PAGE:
So, the hunt was on. Numerous astronomers were eagerly working to make the first parallax measurements. Among these were Thomas Henderson, working in South Africa, Friedrick Wilhelm Struve, and Friedrick Wilhelm Bessell (both in Europe). Henderson actually got the jump on the others, making measurements of Alpha Centauri. In 1833, he packed up and went back to England, along with his data. He was in no hurry to reduce his data, so it languished for years. When he finally did get to looking at his measurements, he found that there did seem to be what may have been a parallax shift in Alpha Centauri, but he did not trust his data. He had only 19 measurements, far too few to be certain or conclusive in his findings. Furthermore, the instrument that he had been using had been damaged in shipping to South Africa. He had painstakingly applied corrections to the measurements, but he realized that other astronomers would cast doubt on his findings. He decided to wait for better measurements made with another instrument by his successor at the far southern observatory. Alpha Centauri is indeed the nearest star (actually it is a triple star system, and the closest of the three, Proxima Centauri, is the nearest star other than the Sun), and it really did have a large enough parallax to measure. And, as it turns out, Henderson’s corrections to his data were approximately correct. However, he didn’t know all of that, so he held off publishing his findings until he had more data sent to him.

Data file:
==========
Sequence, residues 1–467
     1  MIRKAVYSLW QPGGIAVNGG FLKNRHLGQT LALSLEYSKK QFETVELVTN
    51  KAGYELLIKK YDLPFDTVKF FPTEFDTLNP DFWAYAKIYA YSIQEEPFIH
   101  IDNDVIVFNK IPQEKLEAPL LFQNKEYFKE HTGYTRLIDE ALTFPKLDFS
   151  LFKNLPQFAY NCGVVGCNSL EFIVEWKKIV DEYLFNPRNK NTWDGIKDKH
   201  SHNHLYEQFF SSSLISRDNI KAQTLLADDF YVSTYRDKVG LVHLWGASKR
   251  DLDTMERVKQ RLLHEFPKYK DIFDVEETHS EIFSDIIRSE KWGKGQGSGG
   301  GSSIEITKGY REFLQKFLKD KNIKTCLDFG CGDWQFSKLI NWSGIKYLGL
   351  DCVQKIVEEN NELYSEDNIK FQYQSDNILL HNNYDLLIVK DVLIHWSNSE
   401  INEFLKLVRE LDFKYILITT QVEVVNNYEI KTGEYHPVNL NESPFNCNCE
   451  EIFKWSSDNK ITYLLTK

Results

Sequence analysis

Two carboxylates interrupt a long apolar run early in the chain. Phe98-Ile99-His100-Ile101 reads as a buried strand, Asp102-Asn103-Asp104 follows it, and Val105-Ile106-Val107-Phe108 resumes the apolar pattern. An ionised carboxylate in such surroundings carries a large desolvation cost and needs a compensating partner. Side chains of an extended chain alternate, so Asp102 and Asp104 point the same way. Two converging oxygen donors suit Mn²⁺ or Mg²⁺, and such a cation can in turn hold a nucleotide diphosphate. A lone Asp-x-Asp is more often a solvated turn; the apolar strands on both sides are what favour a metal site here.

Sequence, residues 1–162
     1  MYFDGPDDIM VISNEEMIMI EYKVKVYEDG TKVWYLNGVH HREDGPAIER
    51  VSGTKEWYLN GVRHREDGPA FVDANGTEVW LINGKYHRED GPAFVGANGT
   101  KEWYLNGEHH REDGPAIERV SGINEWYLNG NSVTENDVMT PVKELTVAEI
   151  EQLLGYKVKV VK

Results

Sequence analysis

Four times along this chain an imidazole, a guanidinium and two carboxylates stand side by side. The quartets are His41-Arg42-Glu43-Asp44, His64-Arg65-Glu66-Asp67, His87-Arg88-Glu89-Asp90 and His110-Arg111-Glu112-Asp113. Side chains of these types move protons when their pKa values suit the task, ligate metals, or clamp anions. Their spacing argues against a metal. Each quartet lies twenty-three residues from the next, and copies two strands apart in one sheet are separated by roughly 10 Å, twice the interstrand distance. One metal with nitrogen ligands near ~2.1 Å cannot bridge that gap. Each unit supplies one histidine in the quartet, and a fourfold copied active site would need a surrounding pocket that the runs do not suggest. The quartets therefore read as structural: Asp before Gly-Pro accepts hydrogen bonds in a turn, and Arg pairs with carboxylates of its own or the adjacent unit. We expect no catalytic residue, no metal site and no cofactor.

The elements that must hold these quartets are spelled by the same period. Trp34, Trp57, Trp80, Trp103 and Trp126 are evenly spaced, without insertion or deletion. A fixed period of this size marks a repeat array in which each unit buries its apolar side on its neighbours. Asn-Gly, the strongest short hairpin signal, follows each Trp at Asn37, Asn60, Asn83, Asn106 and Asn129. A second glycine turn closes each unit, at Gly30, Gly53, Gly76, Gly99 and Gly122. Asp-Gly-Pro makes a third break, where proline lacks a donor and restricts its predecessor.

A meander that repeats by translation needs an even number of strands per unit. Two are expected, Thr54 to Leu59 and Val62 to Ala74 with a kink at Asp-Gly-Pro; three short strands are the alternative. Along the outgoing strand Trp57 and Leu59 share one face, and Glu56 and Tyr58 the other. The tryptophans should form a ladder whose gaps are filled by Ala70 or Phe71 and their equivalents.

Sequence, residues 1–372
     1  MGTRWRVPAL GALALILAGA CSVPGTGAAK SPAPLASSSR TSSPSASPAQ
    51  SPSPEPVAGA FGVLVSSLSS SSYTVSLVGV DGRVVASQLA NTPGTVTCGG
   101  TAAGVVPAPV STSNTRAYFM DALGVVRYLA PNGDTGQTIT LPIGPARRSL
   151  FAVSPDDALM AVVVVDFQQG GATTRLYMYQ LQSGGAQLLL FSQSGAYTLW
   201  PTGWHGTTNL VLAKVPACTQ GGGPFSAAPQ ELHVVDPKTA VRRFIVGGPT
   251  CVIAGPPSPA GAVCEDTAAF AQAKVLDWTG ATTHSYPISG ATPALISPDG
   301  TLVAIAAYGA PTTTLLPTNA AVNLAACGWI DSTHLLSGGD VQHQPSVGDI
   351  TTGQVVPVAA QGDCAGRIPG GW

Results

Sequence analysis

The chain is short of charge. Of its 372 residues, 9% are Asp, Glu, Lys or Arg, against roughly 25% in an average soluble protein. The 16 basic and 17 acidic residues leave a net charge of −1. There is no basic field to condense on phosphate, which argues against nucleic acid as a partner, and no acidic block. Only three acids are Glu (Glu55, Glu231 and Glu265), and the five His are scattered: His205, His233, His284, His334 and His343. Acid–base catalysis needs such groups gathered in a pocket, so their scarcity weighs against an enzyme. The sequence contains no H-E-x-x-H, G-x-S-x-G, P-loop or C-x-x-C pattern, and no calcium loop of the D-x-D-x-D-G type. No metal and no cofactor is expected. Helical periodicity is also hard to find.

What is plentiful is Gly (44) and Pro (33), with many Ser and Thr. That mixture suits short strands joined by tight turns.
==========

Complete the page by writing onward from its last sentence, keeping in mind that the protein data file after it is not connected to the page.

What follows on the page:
In the mean time, Bessell had acquired a spectacular and very precise instrument ideally suited for the task. It had originally been designed for measuring the sizes of features on the Sun, but he expertly adapted it to measure the distances between stars. Giuseppe Piazzi had shown the star 61 Cygni to have a particularly high proper motion. In fact, it was dubbed the “flying star” and at the time held the record as the star with the highest proper motion (a record that it was to eventually lose to Groombridge 1830, and then to Barnard’s Star). This made it an excellent target star. However, after only a few months, Bessell gave up the endeavor because he found the comparison star that he’d selected to be too dim to follow in poor sky conditions. Other concerns took him away from the task for a number of years.